BCrypt is an adaptive cryptographic hash function for passwords. It incorporate a salt to protect against rainbow table attacks and is also an adaptive hash - over time it can be made slower and slower so it remains resistant to specific brute-force search attacks against the hash and the salt.
Our developer, let's call him 'Dave', insists on using a home-brew script for hashing passwords. See Dave's proposal below. We have already researched and adopted an industry standard protocol using ...
This question made me start thinking about password hashing again. I currently use bcrypt (specifically py-bcrypt). I've heard a lot about PBKDF2, and scrypt. What I'm wondering is if there are any ...
I've read various opinions about whether Bcrypt or PDBKF2 is a better key derivation hashing method. The answer seems to depend on a lot of complicated factors that are not easy to analyze. Would ...
For hashing passwords in a database, i would like to add a pepper to the hash function. Of course this pepper will be additionally to the unique salt. The reason why i want to add a pepper is, that ...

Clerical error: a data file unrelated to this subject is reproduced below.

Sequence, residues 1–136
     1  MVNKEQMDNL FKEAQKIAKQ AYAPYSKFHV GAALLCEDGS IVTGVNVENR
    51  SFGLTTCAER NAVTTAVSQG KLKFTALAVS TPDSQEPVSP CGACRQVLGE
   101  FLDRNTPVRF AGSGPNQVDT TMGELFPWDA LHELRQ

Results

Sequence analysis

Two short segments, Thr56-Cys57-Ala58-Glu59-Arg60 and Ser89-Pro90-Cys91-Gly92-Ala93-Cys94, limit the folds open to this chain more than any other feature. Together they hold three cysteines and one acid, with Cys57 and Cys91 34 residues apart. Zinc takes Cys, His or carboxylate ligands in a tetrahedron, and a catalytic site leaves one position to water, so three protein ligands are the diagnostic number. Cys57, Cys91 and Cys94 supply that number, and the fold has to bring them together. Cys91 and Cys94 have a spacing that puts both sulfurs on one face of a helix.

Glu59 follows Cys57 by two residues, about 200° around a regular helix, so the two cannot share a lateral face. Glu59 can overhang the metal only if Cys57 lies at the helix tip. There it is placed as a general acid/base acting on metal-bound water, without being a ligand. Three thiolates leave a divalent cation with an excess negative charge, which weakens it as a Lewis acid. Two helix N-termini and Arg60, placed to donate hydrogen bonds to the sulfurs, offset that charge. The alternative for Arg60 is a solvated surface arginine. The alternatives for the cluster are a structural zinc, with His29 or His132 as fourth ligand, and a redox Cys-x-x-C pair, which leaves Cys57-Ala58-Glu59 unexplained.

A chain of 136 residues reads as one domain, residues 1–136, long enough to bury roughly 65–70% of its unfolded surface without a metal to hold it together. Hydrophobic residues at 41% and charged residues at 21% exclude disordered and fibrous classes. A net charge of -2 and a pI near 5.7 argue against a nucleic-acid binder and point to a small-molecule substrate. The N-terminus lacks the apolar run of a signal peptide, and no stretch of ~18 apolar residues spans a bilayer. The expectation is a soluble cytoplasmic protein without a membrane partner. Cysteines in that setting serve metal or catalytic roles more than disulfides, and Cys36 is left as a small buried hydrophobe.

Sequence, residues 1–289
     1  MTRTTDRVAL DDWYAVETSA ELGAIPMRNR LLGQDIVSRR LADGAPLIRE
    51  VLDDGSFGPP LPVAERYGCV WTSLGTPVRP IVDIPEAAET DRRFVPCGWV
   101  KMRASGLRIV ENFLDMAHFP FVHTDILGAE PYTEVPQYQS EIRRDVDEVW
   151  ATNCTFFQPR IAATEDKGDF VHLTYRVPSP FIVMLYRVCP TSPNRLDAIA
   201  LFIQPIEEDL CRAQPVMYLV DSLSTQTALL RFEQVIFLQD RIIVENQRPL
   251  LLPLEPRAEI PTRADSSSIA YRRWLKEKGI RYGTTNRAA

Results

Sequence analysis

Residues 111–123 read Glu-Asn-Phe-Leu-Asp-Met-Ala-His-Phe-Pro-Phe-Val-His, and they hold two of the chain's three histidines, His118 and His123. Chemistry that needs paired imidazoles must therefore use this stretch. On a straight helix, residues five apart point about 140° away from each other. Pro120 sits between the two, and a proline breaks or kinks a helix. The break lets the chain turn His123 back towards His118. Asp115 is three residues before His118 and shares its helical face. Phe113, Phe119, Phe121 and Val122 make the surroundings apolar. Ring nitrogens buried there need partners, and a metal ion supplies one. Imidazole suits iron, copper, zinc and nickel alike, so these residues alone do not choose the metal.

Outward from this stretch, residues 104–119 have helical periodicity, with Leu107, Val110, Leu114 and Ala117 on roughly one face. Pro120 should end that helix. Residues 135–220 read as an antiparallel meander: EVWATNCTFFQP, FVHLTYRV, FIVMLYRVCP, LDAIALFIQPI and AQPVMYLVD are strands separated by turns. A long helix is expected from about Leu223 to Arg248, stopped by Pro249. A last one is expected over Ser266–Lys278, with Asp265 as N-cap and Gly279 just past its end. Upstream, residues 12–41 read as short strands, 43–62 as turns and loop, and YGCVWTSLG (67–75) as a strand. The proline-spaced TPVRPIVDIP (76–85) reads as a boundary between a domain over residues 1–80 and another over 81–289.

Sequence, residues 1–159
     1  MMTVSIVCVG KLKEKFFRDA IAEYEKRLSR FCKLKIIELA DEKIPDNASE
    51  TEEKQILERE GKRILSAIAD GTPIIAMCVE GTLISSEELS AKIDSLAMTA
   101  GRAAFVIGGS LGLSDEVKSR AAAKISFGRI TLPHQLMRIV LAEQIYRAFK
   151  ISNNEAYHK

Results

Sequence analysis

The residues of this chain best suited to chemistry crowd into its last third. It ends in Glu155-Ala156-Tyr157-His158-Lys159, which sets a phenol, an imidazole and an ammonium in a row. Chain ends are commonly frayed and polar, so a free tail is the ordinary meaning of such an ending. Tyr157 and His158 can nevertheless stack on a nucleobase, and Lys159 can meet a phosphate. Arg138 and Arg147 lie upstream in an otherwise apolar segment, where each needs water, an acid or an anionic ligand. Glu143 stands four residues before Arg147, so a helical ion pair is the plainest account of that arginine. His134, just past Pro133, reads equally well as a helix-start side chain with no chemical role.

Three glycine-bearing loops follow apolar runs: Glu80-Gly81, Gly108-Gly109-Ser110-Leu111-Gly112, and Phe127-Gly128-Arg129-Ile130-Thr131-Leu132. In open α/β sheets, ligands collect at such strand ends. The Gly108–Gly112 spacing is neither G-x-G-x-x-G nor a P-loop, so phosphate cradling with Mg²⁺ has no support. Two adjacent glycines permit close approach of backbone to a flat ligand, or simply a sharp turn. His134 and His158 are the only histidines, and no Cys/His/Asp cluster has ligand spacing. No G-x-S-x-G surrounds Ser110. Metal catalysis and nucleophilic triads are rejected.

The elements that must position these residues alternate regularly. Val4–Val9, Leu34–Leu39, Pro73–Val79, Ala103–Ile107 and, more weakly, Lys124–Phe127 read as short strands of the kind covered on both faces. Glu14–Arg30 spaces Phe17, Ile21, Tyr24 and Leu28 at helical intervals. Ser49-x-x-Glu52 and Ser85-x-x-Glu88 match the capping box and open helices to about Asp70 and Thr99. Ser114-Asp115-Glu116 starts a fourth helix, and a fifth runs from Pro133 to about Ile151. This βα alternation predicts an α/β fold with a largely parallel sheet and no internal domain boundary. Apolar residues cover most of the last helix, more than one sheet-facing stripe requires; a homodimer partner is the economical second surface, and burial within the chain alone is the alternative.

We have a website where users need to log in to access privileged information. Obviously we are using SSL, but I also want to avoid plaintext passwords from accidently ending up in server logs, or ...
I just wanted to know if you can increase the cost (iterations) of those two algorithms off-line. I want to increase the cost every year of my users passwords. One solution is to recalculate them ...
Edit: Updated to put more emphasis on the goal - peace of mind for the user, and not beefing up the security. After reading through a few discussions here about client side hashing of passwords, I'm ...
We hesitated between BCrypt and PBKDF2 for password hashing. In many forums and blogs people say something like "In their Special Publication SP 800-132 NIST basically recommends using PBKDF2 for ...
I'm looking to encrypt files using secure hashing and encryption algorithms in Python. Having used bcrypt in the past, I decided to use it for my passphrase calculator, then pass the output through ...